# Cochran-Armitage trend test

The Cochran-Armitage trend test allows to check if a series of proportions vary linearly along a numeric variable. Do it in Excel using the XLSTAT software.

## When to use a Cochran-Armitage trend test

The Cochran Armitage trend is used to test if a series of proportions, possibly computed from a contingency table, can be considered as varying linearly with an ordinal or continuous variable.

It can be a one- or two-sided test.

## What is the Cochran-Armitage trend test

The **Cochran-Armitage test **allows to test if a series of proportions, can be considered as varying linearly with an ordinal or continuous score variable.

If X is the score variable, the statistic that is computed to test for the linearity is given by:

z = [Ʃ_{i=1..r} n_{r1}(X_{i} - X)] / √ p_{+1} (1– p_{+1}) s²

with s²=Ʃ_{i=1..r} n_{i+}(X_{i} - X)²

*Note: if X is an ordinal variable, the minimum value of X has no influence on the value of z.*

In the case of the two-tailed (or two-sided) test, the null (H_{0}) and alternative (H_{a}) hypotheses are:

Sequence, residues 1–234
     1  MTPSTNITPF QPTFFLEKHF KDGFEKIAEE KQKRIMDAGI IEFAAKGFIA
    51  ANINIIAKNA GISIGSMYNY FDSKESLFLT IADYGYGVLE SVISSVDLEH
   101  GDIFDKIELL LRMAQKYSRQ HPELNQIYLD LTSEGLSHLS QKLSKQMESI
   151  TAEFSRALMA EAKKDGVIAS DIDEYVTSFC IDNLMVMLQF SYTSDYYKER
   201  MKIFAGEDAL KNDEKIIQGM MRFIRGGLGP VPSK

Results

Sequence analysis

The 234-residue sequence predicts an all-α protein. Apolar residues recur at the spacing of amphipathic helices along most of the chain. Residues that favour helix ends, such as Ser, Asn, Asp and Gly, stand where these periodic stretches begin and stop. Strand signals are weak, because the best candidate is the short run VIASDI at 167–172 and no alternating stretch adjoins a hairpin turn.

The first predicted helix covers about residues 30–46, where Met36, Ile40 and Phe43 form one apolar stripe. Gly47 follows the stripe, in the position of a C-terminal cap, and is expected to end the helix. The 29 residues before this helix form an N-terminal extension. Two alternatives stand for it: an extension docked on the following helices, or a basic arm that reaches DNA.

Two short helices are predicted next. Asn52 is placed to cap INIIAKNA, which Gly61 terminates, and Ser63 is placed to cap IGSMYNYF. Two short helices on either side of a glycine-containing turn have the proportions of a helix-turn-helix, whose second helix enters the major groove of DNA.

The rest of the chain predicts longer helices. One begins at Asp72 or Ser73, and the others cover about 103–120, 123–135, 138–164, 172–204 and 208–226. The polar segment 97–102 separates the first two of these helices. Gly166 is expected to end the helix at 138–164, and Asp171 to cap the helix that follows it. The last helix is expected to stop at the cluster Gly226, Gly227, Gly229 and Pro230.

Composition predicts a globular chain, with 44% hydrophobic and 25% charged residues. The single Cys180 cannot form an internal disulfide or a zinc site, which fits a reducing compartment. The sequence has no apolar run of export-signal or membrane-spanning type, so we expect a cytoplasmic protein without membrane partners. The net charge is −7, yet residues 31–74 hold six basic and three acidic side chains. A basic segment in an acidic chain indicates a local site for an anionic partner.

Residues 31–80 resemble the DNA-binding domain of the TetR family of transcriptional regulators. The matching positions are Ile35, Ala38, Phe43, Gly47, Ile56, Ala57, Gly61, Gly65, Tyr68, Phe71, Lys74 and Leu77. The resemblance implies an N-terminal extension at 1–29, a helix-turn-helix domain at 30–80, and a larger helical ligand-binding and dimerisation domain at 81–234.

- H
_{0}: z = 0 - H
_{a}: z ≠ 0

*Note: z is asymptotically distributed as a standard Normal variable. Some statistical programs use z² to test the linearity. z² follows a Chi-square distribution with one degree of freedom.*

In the one-tailed case, you need to distinguish the left-tailed (or lower-tailed or lower one-sided) test and the right-tailed (or upper-tailed or upper one-sided) test. In the left-tailed test, the following hypotheses are used:

- H
_{0}: z = 0 - H
_{a}: z < 0

If H_{a} is chosen, one concludes that the proportions decrease when the score variable increases.

In the right-tailed test, the following hypotheses are used:

- H
_{0}: z = 0 - H
_{a}: z > 0

If H_{a} is chosen, one concludes that the proportions increase when the score variable increases.